Known, unpatched flaws draw most attacks, Kaspersky says


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Cybercriminals still make extensive use of known vulnerabilities, even as zero-day attacks continue to rise.

In joint research carried out by Kaspersky Lab and Outpost24, unpatched loopholes continue to be a popular means of carrying out attacks.

Kaspersky Lab global research and analysis team senior security researcher, David Jacoby, said that this is situation is leading cybercriminals to hack the people that manage the system instead of a business system itself. (See also "How to protect your PC against devious security traps."

"The results are a wake-up call for those searching for tailored security solutions that cover the 'threats of tomorrow,'" he said. "It highlighted that training your staff to be prudent is just as important."

Despite companies paying for a dedicated service to look after their security, the research found some corporate systems remained unpatched and vulnerable for a decade.

Even so, Jacoby said that hotels and privately owned companies have so far "shown a greater awareness and security" than government organizations.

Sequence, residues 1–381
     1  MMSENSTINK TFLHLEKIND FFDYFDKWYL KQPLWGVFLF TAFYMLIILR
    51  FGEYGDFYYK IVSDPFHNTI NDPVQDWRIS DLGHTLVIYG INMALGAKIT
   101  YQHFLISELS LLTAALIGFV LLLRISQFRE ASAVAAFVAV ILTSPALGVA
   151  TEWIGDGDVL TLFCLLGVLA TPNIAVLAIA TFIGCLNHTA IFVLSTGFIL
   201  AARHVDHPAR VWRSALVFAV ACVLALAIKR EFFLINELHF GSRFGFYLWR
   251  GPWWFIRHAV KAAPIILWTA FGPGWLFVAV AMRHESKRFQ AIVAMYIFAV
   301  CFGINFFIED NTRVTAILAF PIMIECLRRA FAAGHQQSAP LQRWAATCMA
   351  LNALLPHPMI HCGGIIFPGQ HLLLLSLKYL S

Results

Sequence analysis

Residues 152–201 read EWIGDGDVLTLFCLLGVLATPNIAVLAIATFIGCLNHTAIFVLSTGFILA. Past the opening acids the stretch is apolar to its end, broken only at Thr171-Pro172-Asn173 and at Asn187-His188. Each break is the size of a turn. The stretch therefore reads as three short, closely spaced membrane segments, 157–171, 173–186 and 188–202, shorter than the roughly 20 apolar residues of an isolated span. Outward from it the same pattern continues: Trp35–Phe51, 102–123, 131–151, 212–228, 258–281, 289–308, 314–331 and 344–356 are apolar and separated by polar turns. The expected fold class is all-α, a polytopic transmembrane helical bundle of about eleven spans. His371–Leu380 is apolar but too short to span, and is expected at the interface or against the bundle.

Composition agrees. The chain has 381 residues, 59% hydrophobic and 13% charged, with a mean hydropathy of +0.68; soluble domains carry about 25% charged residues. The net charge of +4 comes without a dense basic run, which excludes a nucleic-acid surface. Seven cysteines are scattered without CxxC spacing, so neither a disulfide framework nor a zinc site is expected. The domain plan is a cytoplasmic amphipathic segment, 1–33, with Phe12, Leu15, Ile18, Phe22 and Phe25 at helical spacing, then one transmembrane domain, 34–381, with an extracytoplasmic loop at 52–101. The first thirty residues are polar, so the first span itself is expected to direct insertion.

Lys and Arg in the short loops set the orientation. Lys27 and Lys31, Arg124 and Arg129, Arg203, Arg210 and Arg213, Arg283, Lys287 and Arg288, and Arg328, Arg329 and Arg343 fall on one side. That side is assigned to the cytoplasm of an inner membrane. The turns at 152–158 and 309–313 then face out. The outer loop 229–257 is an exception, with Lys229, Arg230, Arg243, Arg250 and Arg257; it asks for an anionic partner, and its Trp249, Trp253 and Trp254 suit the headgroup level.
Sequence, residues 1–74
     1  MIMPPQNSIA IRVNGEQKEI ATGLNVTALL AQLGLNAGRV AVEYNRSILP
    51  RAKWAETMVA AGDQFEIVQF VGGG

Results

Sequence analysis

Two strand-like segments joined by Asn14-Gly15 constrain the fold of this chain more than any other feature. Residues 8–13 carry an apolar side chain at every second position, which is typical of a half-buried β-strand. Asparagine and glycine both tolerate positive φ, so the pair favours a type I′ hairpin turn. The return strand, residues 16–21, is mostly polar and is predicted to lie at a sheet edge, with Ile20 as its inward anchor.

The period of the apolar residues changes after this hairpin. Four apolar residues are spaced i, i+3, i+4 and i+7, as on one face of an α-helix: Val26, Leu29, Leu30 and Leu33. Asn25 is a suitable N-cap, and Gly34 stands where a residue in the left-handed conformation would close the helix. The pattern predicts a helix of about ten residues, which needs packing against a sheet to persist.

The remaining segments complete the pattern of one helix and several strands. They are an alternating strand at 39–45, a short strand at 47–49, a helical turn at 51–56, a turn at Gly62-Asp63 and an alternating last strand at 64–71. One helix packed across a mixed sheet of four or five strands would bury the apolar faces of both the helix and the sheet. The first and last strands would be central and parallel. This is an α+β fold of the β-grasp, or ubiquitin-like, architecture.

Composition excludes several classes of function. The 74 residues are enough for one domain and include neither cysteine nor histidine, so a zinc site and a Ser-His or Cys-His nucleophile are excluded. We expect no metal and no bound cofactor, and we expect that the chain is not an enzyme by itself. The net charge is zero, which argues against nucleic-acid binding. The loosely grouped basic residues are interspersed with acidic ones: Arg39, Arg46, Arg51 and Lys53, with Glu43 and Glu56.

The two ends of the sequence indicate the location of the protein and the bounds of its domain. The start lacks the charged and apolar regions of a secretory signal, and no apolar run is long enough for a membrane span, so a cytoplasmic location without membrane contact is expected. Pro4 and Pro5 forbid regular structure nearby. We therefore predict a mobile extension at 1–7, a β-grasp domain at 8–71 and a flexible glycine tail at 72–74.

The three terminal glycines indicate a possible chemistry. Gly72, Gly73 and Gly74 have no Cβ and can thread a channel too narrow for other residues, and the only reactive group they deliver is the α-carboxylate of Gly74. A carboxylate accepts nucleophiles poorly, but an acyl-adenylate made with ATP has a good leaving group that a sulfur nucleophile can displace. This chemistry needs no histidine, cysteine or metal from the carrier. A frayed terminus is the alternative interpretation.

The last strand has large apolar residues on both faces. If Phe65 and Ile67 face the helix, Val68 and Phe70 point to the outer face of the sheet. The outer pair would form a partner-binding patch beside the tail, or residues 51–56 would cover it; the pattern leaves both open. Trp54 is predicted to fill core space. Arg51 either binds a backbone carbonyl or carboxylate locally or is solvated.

A global issue

Outpost24 chief security officer Martin Jartelius said the joint research highlights how unsophisticated attacks on corporate networks can have an effect without resorting to expensive zero-day exploits.

"Whether it's exploiting poor security practices, misconfigured security devices, or staff that lack security training, companies should understand that it is possible to gain control of most parts of the organization, even though no new attacks or methods are used," he said.

Jartelius adds that the time from when a vulnerability is detected to when it is patched is "almost uniform in every country," indicating that this is a global trend.

"It is therefore essential to shift the approach to security from stand-alone tools to integrated solutions as part of business processes," he said.

This story, "Known, unpatched flaws draw most attacks, Kaspersky says" was originally published by ARNnet.

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